Compilers can optimise away functions you may want to time. Deák Ferenc explores ways to stop this happening. by Deák Ferenc

All About the Base
Representing numbers presents many choices. Teedy Deigh counts the ways. by Teedy Deigh

C++ Jobs and Predictions—Bartlomiej Filipek

Is C++ job market falling or growing? Since billions of lines of code are already written it's not possible to disappear in a second. So what's the current state and the future?

C++ Jobs and Predictions

by Bartlomiej Filipek

From the article:

... if you like this area you'll be able to find a C++ job anyway. I hope C++20 will add another good reason to stick with C++ and even move from other languages... but we need to wait a few years to see it happening.

Slides of the 11th of April 2017 BeCPP Meeting—Marc Gregoire

BeCPP_Logo_282x64.pngOn 11th of April 2017, the Belgian C++ Users Group had their next event sponsored by SoftKinetic.

Slides of the 11th of April 2017 BeCPP Meeting

The presentations:

  • "Challenges in Modern Embedded Development Using C++" (Glyn Matthews)
  • "SFINAE and type traits: In the Mix" (Lieven de ####)

If you couldn’t attend the event in person, or if you would like to go over the material again, you can download them from the BeCPP website.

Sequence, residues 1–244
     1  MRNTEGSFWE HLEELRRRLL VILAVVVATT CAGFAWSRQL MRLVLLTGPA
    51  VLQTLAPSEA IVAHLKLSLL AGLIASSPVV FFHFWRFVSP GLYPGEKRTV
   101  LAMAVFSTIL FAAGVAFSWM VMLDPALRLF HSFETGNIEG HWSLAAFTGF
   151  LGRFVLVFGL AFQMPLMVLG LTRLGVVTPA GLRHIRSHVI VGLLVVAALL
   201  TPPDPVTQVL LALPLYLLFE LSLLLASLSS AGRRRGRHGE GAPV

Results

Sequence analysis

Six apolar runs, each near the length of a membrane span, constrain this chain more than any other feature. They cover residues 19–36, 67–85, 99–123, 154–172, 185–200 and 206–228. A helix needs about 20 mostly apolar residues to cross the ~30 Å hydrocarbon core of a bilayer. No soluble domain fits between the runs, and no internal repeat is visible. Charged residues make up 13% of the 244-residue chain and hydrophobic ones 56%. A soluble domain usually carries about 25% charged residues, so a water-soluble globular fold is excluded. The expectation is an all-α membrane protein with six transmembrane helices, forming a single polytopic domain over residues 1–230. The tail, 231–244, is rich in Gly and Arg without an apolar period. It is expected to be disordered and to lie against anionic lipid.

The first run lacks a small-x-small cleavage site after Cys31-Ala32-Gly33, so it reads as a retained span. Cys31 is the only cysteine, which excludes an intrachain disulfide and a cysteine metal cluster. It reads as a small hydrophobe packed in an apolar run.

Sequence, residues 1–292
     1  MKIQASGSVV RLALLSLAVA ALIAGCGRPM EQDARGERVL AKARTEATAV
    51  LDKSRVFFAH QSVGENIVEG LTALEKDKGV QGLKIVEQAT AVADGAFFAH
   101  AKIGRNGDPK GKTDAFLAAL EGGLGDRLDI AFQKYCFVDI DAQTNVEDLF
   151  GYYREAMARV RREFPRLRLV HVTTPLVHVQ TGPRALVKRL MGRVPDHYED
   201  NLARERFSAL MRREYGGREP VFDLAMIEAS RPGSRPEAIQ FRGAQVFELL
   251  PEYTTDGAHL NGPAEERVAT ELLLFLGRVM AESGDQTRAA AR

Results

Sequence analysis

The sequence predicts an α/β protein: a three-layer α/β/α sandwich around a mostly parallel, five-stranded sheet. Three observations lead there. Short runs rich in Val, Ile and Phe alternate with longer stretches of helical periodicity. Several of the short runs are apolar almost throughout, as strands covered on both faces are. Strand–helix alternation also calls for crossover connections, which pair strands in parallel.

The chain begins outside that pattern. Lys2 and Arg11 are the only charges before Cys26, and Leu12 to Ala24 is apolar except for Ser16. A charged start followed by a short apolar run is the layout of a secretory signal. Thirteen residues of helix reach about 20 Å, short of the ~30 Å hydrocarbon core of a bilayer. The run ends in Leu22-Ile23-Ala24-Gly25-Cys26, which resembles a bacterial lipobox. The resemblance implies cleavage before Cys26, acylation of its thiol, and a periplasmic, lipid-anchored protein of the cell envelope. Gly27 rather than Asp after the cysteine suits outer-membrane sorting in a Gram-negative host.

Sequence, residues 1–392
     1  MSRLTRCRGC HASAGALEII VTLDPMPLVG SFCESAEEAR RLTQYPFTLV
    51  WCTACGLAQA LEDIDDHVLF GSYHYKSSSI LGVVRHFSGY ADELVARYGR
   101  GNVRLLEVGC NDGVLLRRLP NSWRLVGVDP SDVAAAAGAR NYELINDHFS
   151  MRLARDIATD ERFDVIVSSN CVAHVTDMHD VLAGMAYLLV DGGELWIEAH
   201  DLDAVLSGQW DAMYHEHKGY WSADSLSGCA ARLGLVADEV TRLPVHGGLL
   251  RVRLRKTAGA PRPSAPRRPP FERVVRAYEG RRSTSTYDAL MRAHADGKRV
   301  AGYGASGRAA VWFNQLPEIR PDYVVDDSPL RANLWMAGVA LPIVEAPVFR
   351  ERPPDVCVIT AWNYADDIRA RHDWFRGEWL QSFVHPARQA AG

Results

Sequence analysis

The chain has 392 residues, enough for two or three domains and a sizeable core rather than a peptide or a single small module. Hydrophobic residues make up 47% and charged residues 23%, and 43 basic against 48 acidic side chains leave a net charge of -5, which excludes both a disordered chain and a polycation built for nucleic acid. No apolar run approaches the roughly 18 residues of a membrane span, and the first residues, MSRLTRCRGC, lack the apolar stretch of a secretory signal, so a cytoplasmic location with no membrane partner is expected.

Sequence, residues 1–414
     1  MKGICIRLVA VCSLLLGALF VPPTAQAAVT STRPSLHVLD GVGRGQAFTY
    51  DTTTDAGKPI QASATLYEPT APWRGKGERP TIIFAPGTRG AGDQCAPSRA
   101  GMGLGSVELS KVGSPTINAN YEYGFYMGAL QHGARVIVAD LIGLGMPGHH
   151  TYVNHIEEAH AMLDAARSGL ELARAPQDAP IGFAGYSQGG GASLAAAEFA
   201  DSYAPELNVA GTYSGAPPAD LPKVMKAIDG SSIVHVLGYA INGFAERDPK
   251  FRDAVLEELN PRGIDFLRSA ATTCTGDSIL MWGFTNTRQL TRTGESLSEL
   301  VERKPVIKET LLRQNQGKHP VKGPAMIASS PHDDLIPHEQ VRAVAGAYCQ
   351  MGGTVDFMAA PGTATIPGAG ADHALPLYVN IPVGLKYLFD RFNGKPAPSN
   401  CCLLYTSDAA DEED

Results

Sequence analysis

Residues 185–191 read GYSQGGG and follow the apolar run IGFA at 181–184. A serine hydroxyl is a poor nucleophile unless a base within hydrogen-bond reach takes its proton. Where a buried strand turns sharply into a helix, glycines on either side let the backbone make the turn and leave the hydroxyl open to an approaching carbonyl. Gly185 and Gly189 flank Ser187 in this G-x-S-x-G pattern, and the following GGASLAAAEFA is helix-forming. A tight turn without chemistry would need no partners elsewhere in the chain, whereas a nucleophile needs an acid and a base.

Quick Q: Are the experimental features of modern C++ reliable for long-term projects?

Quick A: No

Recently on SO:

Are the experimental features of modern C++ reliable for long-term projects?

Is it guaranteed that all compliant compilers have the same experimental features?
No, experimental features are optional.
Are experimental features prone to big changes that make them unreliable?
Yes, the C++ committee might even decide to abandon a feature or in the process of standardization a defect might come up that would force a feature to change.

Generally, it's not a good idea to depend on experimental features. Experimental features are exactly what the word says (i.e., to experiment with).

Disabling narrowing conversions in signal/slot connections—Giuseppe D’Angelo